Through a chance encounter, Nas hooked up with and rapped for an impressed Large Professor (despite popular belief that MC Serch was the first one to meet Nas). His advanced flow and unheard-of-rhyme-schemes compelled LP to give this young QB native a chance. Nas did not disappoint, as he exploded onto the rap scene in 1991 on Main Source's "Live At The BBQ" posse cut.

Threatening to "kidnap the President's wife without a plan," Nas let the hip-hop world know that he "went to hell for snuffing Jesus." Afterwards, after blessing the Zebrahead soundtrack with "Halftime," Nas met MC Serch through Large Professor and was given the opportunity to work on a "Live At The BBQ" sequel, "Back To The Grill Again." Although his verse was short, Nas shined the most brightly, alongside veterans such as Chubb Rock and managed to keep his name alive in the industry. Finally, MC Serch brought Nas to Faith Newman, Director of A&R at Columbia Records, and broke a deal for Nasty Nas.

April 19, 1994, was a landmark in hip-hop history as Nas' debut album was released. It was the magical combination of producers like DJ Premier, Large Professor, Pete Rock, L.E.S, and Q-Tip, combined with the effortless heartfelt poetics of Nasty Nas that created "Illmatic," which received an unexpected, yet well-deserved 5 mics from the then-credible rap Bible, "The Source."

 In addition, Nas was hailed as the second coming to Rakim (the trendsetter and god MC of the golden '80s age of hip-hop), someone who would bring back lyricism in a g-funkdafied era of booty bitches. Although it succeeded in bringing back focus to the East, "Illmatic" did not fare well financially. Even the four videos (Halftime, It Ain't Hard To Tell, The World Is Yours, One Love) could not garnish Nas with a gold plaque.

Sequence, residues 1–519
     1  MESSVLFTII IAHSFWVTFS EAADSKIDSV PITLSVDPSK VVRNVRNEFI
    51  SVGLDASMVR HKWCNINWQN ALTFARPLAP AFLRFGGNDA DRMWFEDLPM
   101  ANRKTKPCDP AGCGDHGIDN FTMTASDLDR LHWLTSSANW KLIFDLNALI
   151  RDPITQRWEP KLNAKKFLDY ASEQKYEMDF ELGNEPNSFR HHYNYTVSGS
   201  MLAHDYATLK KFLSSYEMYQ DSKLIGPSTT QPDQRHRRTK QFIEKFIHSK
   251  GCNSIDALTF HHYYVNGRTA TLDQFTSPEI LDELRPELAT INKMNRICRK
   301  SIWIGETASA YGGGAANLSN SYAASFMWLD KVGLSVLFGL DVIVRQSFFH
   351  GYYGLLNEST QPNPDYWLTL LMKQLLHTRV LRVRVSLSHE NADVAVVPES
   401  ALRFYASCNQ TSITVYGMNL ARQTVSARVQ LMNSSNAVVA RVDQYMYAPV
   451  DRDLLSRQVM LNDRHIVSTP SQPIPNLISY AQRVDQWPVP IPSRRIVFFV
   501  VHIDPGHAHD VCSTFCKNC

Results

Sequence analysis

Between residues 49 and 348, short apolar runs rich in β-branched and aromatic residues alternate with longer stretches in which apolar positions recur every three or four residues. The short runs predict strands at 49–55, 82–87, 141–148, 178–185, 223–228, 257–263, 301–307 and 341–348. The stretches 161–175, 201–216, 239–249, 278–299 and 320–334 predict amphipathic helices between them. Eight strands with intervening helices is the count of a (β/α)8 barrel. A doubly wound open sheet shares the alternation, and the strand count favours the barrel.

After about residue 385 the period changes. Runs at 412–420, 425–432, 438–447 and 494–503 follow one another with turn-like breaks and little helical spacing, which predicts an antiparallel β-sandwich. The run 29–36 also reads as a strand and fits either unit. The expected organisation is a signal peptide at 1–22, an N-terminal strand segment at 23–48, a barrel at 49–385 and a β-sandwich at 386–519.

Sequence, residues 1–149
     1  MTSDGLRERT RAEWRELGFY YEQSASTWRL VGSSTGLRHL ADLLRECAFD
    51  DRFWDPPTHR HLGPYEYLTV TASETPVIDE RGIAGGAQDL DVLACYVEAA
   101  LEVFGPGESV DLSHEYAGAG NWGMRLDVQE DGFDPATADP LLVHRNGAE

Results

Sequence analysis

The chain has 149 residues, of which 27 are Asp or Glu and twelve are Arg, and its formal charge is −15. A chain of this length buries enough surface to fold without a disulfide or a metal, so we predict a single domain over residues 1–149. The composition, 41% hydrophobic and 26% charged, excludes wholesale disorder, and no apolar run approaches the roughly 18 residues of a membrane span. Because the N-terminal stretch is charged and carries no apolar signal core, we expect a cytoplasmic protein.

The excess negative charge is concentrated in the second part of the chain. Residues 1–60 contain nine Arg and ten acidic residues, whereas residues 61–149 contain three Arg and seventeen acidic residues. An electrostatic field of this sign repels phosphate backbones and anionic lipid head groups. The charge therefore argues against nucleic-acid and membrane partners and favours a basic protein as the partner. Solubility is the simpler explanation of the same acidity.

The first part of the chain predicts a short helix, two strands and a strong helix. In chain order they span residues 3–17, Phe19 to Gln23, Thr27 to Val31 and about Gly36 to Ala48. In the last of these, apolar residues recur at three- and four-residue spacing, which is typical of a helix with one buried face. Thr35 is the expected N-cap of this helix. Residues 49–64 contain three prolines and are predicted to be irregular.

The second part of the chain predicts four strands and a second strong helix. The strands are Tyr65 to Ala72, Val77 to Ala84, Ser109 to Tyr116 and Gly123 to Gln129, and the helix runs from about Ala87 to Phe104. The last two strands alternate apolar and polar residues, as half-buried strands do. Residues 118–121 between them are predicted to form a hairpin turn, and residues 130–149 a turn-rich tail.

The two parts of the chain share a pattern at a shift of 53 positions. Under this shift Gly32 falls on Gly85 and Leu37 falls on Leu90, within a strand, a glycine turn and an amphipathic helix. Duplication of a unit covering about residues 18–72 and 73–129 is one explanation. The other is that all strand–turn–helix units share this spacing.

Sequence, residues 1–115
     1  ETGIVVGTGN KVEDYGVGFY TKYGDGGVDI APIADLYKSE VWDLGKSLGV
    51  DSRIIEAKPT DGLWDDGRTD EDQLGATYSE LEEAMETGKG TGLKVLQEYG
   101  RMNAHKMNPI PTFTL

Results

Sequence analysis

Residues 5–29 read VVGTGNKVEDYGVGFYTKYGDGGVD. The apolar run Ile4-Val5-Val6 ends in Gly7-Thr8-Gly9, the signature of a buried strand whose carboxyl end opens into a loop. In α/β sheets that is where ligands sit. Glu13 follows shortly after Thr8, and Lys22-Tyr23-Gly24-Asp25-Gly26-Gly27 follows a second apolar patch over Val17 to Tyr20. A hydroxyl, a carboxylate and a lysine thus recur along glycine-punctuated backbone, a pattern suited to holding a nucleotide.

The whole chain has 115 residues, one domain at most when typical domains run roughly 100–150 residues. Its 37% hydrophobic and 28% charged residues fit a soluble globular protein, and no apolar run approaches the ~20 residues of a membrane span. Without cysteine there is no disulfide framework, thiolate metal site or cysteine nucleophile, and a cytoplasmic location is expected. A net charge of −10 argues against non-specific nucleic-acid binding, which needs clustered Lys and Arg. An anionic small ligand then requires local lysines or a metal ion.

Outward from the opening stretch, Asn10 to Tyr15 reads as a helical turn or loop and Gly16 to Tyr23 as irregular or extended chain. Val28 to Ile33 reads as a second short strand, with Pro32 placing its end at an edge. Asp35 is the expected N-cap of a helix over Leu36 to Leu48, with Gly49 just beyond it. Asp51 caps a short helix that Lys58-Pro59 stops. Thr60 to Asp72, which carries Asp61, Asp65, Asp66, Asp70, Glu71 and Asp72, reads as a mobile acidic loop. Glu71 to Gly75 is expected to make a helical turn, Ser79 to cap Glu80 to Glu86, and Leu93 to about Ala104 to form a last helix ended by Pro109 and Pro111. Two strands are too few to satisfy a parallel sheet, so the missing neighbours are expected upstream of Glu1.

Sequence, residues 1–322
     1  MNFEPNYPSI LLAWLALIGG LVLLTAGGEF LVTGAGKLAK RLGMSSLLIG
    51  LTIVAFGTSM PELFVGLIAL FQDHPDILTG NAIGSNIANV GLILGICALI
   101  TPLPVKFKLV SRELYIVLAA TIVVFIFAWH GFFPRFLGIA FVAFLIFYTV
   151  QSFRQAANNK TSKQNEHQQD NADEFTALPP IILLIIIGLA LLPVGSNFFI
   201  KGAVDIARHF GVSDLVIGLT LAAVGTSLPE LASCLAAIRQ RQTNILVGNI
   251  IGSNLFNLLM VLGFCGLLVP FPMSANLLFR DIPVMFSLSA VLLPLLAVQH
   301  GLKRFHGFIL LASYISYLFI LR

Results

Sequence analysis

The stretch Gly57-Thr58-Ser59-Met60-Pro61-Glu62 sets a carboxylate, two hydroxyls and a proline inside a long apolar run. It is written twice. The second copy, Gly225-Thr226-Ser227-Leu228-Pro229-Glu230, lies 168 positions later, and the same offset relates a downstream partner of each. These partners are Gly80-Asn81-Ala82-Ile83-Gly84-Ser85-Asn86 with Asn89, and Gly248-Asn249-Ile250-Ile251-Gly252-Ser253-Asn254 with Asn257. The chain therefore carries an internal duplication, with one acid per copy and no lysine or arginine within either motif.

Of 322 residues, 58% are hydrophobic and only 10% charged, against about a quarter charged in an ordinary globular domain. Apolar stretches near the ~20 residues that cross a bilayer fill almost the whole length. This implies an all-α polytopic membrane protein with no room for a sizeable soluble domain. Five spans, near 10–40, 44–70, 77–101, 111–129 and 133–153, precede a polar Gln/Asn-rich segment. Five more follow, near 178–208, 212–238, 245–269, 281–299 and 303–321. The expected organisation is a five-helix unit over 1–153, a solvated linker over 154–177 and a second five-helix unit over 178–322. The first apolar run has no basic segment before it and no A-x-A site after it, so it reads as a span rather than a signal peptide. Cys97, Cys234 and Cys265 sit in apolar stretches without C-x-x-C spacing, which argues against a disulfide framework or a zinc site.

From appearing on the "Street Fighter" soundtrack to rapping with Kool G Rap, Nas spent the remainder of 1994 and all of 1995 confirming the high expectations that had been thrust upon him with the release of "Illmatic." One notable achievement was his prolific verse on "Verbal Intercourse" on Raekwon's "Only Built 4 Cuban Linx" album.

Apparently possessed, Nas received a Source Quotable as he had the distinction of being the only non-Wu-member to be allowed on a Wu-Tang album (until Ras Kass appeared on "Bobby Digital") when the Clan was undeniably the greatest group at the time and were strictly keeping guest appearances inside the fam. Listed as Nas Escobar, he attacked the prison system ("It's like a cycle: niggaz come home, some'll go in") and dropped urban philosophy ("From the womb to the tomb, presume the unpredictable").